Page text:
The Power of Women of a Certain Age

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Post by Andrea Kirsh

gego
Gego, “Drawing Without Paper 83/9,” 1983. Aluminium hoop, plastic mesh, plastic hoops, enameled iron wire, and metal pieces, 8 1/4 x 7 1/16 x 3/16 inches.

I saw two exhibitions of extraordinary women in NYC last weekend.

Gego

The Drawing Center showed “Gego, Between Transparency and the Invisible”. Very few artists invent a visual language. Gego did. The German-born Gego (an assumed name; she was born Gertrude Goldschmidt) trained as an architect and engineer in Stuttgart before moving to Caracas. She didn’t turn to art until her forties and produced her major work in her fifties. She brought a freedom and inventiveness to her printmaking and sculpture that parallels the sculptor, Harry Bertoia’s work in furniture design during more or less the same period. She was very little known to U.S. audiences before 1996 when her work was included in the ICA, Boston’s exhibition, “Inside the Visible,” where I saw it. It was a revelation to many of us. The Drawing Center is exhibiting prints, drawings and wire works that would usually be described as sculpture or reliefs and suggests that all are related to the idea of drawing.

Gego
Gego, “Reticulárea,” 1975. Stainless steel wire, 82 11/16 x 102 3/8 x 7 7/8 inches.

They display a sort of low-tech brilliance. She used every possible means to produce monoprints, which were clearly made without using a press. She drew on the plate, blocked out part of a plate with objects or paper (in what are conceptually print equivalents to photograms) and even tore the paper to produce designs, similarly to Fontana’s cuts. Her sculpture is all fashioned out of wire. Some are constructed in more-or-less two dimensions and hung out from the wall so they interact with their own shadows. A small work resembled a bed-frame with the springs gone hay-wire. At other times she created more three-dimensional pieces. The masterpiece in the show was one of her series of “Reticulareas,” which are mesh-like structures of 3 and 4-sided figures (and occasional straight lines) of steel wire. This one hangs some seven feet tall, and they all bear a resemblance to chemical models of highly-complex substances.

The exhibition was organized by the MFA, Houston (which owns many of the works) and is up through July 21. It is well worth the trip to New York.

Anne Ryan

Anne Ryan
Anne Ryan, Collage #350, 1950/53, sheet size 8 x 7 inches

I saw another eye-opener at Susan Teller Gallery (not far from the Drawing Center, at 568 Broadway, 212 941-7335), a small overview, not quite a retrospective, of Anne Ryan’s work. Ryan is best known for the collages she made after 1948 when she saw an exhibition of Kurt Schwitters’ work. A couple of these used to be on more-or-less permanent exhibition at MoMA, but that was years ago. I haven’t seen them in decades.

Anne Ryan
The Wine Glass, about 1945, woodcut on black paper, 16 x 21 inches.

Ryan only began painting in her fifties and her career was but fifteen years. This exhibition has one collage and twenty-seven paintings, drawings and innovative wood-block prints. It traces her experience in Stanley William Hayter’s print studio and her exploration of Constructivism and Surrealism. While her collages have a clear debt to Schwitters, they have their own characteristic palette and delicacy, and rather than the urban detritus favored by Schwitters, Ryan favored varied types of fabric and fine papers, some of it hand-made. Her wood-cuts employ a single block which she inked by hand, in multiple colors of varying transparency which yielded variation within an edition. She often printed on black paper in another sort of artistic recycling (they were the wrappers from photographic film). This gives the work a striking coloration and depth. The exhibition is on through May 12, and should you miss it, the gallery will likely have some of her work available.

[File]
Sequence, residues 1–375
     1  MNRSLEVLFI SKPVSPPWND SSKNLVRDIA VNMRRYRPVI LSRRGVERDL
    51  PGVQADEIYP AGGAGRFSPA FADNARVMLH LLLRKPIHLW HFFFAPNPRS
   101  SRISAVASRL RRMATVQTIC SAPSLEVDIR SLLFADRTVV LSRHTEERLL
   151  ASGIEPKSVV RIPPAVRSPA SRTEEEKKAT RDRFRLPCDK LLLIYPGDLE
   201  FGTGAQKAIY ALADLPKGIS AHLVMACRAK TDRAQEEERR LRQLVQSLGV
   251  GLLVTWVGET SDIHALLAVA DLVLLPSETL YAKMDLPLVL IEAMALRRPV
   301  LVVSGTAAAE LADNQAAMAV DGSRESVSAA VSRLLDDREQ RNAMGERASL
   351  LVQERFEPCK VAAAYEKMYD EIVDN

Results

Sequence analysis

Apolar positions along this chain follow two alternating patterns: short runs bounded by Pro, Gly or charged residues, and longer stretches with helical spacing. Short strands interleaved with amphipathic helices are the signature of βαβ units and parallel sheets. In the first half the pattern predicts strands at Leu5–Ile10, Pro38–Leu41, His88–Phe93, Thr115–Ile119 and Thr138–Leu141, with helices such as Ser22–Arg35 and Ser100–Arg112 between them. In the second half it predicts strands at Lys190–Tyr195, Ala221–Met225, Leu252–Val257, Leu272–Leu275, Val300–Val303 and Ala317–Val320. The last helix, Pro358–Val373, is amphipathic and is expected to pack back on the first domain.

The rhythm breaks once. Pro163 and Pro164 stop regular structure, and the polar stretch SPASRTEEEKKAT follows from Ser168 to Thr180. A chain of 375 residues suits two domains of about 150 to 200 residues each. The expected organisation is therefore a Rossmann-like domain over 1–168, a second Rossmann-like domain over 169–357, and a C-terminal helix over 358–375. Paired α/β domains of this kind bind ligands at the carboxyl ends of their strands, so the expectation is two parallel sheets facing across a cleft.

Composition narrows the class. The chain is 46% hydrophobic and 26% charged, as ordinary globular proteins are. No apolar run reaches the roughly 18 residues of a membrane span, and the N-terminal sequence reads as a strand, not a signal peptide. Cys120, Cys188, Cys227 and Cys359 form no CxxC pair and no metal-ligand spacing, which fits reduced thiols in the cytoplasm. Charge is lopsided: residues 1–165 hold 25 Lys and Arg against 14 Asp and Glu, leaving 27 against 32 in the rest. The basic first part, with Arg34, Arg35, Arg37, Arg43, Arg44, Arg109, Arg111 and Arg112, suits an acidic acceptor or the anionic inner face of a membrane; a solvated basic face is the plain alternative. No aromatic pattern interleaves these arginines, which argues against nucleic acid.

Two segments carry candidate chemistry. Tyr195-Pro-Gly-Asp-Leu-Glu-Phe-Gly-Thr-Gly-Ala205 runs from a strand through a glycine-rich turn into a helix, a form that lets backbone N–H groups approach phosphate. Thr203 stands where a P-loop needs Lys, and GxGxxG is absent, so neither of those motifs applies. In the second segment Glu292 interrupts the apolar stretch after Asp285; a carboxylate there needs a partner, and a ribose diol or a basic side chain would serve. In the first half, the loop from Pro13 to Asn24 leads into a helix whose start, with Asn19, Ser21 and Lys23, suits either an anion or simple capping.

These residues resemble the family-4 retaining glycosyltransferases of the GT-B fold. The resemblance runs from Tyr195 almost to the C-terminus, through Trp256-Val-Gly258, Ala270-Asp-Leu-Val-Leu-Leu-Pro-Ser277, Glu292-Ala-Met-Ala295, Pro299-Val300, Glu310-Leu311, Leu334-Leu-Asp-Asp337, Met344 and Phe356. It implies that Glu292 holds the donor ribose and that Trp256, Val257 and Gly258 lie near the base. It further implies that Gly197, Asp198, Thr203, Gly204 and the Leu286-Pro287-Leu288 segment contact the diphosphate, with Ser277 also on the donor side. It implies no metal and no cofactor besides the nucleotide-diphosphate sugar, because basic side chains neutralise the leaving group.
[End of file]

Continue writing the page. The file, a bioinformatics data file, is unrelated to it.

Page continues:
The search for more ladies

Speaking of women’s work, after attending the symposium at the opening of the Brooklyn Museum’s “Global Feminisms” last month (post here), I returned to look for work by women at the Philadelphia Museum of Art. The question had arisen as to whether Brooklyn needed a Center for Feminist Art; judging from the Philadelphia situation, the answer is a resounding “YES!”

I only surveyed the PMA’s post-World War Two galleries, a period when women had ready access to art education. And I found an astonishing two works from the painting and sculpture collection: a small painting by Sarah McEaneany in the vestibule where the PMA relegates Philadelphia artists, and a painting by Edna Andrade in the American wing, in an exhibition devoted to Op and Pop Art. If the PMA exhibits Op Art and doesn’t own a Bridget Riley, they could have borrowed one; Pop Art was largely a male affair (although they might have found a Marisol or Nikki de St. Phalle, not to mention the recently revived work of Rosalind Drexler). But the lack of women in the galleries of post-war and contemporary work indicates a real blind spot on the part of the curatorial staff. True, the exhibition of recent prints and drawings includes women, as does the crafts collection (and likely the costumes, as well, but these only feed stereotypes about womens’ production). But paintings and sculpture has the bulk of the space and receives the bulk of attention, and the near absence of women is a serious omission.

–Andrea Kirsh is an art historian based in Philadelphia. You can read her newest Philadelphia Introductions and other commentary at InLiquid.

Tags

andrea kirsh, anne ryan, gego, susan teller gallery, the drawing center

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